Ask for a raise. Wait…what?!?

Woman holding briefcase overflowing with moneyDo you think you deserve a raise but are too afraid to ask for one?

Why is this?!?

Together, we can do this!

You might be surprised (shocked, amazed) at the outcome.

Conduct a self-audit of your awesome.

List all of your achievements in your current role. Think about where you add value to your organization and how you have grown, or significantly contributed to, the business. Write them down.

List your results.

Results take achievements to the next level. Really zero in on the actual, quantifiable results that you’ve achieved. Make sure they are accurate and measurable. You might include statistics, sales numbers, client testimonials and other market specific indicators.

Research salaries for similar jobs.

Check out other industries (and your industry, obvi) to determine what your market value is. In addition to salary, what does the total compensation package include? Get educated.

Create your ideal package.

Make a list of what you would like to receive in salary, and other things, like: car allowance, health and wellness benefits, 401K/pension, and paid time off. Give this a dollar figure as a total package (don’t focus only on the individual pieces and parts of your package.)

Consider the organizational situation.

Please be aware of how the organization is performing overall before you approach your manager for a raise. If times are tough, you are less likely to take home the prize. If the company is performing well, your manager is more likely to be open to your raise request.

Schedule a time with your manager.

Get on her calendar and let her know the agenda will be your total compensation package. Don’t spring that on her for the first time when you’re seated in front of her. Try and schedule this appointment for early in the day so your manager is not distracted by competing priorities and you are not spending the day a nervous wreck while waiting for the appointment.

Practice your pitch.

Practice what you want to say and how you will share the results you’ve achieved that support your request for a raise. Say it out loud. More than once. You can’t hear yourself make the request for the first time the same time your manager is. You want to sound confident and fluid, and practice will help you achieve this.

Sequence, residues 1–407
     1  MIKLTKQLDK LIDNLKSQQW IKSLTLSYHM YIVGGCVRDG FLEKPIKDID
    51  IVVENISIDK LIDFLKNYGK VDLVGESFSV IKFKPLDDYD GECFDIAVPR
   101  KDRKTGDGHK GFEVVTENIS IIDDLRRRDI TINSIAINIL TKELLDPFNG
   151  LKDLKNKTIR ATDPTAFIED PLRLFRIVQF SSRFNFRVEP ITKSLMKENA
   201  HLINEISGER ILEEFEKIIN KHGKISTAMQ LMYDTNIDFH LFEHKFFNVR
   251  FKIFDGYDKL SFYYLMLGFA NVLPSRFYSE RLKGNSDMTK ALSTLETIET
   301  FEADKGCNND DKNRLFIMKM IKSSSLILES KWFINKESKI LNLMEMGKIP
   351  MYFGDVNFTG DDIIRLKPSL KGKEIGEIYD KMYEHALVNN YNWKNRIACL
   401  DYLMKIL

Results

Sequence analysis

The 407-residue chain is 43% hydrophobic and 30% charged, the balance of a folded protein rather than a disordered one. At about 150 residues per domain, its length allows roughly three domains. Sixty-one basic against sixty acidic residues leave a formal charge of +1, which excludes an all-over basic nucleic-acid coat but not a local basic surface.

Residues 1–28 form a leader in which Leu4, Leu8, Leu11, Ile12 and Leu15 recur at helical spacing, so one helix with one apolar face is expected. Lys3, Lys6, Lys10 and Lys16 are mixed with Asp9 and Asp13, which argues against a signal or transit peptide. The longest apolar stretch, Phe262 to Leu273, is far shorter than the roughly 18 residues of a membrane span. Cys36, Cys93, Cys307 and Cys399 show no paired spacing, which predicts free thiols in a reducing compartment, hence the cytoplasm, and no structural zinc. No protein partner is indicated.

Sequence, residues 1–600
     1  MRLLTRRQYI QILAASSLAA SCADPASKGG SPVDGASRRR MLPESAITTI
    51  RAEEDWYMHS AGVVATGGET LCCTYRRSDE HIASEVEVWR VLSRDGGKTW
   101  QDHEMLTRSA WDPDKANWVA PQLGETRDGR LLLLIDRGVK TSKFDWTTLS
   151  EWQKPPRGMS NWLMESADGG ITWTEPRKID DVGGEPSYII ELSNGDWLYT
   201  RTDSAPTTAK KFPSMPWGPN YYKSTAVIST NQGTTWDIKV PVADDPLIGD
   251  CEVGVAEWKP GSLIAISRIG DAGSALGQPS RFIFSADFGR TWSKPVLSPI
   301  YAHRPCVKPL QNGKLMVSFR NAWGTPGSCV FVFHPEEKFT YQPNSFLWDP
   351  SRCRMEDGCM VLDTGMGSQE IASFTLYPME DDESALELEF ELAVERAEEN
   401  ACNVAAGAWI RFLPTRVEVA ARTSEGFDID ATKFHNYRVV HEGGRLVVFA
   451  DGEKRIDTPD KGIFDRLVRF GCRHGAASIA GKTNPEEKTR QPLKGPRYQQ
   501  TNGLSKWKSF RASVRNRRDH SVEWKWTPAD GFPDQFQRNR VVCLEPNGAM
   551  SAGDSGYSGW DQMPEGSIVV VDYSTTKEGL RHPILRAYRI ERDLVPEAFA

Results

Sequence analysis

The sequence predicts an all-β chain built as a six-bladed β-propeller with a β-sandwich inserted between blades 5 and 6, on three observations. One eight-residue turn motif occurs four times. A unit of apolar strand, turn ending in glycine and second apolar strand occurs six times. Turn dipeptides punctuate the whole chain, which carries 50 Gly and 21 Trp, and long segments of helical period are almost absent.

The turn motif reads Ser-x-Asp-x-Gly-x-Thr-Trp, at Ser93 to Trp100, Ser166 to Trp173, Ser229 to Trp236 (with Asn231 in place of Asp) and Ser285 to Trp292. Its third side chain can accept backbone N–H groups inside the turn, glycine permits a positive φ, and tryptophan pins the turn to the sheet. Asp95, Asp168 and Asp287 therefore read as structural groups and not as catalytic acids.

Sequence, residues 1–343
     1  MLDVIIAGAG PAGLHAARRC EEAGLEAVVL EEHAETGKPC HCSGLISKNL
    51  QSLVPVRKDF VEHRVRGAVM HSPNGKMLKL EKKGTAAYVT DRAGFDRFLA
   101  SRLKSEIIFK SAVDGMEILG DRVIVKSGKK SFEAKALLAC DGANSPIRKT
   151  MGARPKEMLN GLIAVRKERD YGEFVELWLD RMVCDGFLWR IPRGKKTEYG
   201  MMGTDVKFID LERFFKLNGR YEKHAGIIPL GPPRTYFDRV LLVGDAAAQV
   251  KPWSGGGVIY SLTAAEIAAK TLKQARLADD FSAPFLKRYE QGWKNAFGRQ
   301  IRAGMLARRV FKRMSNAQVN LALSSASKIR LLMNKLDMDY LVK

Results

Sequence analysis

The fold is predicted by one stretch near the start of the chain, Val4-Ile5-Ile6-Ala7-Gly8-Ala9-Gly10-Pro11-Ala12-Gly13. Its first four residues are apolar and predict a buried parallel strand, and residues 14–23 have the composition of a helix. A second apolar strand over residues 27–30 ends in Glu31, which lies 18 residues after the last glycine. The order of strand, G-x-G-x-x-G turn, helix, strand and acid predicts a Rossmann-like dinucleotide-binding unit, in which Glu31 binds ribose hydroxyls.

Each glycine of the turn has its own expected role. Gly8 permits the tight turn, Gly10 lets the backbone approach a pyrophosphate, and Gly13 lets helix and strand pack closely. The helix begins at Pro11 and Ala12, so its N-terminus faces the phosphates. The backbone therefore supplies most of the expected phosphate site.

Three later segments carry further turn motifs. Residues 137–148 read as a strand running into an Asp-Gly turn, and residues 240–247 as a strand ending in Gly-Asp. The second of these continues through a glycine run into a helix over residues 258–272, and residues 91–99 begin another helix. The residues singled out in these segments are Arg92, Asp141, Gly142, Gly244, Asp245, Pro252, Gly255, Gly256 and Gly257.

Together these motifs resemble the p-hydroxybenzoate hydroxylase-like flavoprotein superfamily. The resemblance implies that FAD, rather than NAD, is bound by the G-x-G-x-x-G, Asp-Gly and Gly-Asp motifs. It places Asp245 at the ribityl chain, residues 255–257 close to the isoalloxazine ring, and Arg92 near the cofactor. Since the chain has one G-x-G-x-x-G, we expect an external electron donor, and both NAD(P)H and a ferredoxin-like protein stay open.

Consider your manager’s potential objections.

Make a list of some of the possible objections your manager may have and prepare a response for each. If you can’t come up with a response, it’s a valid objection.

Be calm.

Don’t fidget. Take a few deep breaths. Practice your power poses.

Be aware of your body language.

Straighten those shoulders. Sit forward in your chair. Make (and maintain) good eye contact. Smile.

Be positive.

You’ve got to believe in yourself and your achievements, or your manager won’t. This may feel like a bold request, but I promise it won’t end your career. Just the act of asking is a mini-win.

Be assertive.

Use positive, assertive (not aggressive) language when you are informing your manger of why you deserve this increase. Talk about the benefits to the bottom line that you consistently bring to the table. Focus on results, results, results.

Don’t blink, don’t look away.

When you do the actual ask; don’t blink and don’t look away. Hold his gaze and remain calm. This is the most important time to really keep your nerves in check.

Allow your manager to process.

Don’t talk while she process what you have asked for. Sit in the silence. Don’t try and fill the space with talking. It might feel excruciating, but you can do it. It will feel longer than it actually is. Silence is your friend right now.

Be open to options.

Even if a raise isn’t doable at this time, are there other options that would feel good to you? BTW, it’s up to YOU to think of these alternatives and present them. Get creative. Do your research.

The Bottom Line.

If you don’t ask for a raise, you may not get one. You have everything to gain. Be bold. Be confident. You’ve got this!

*high five*

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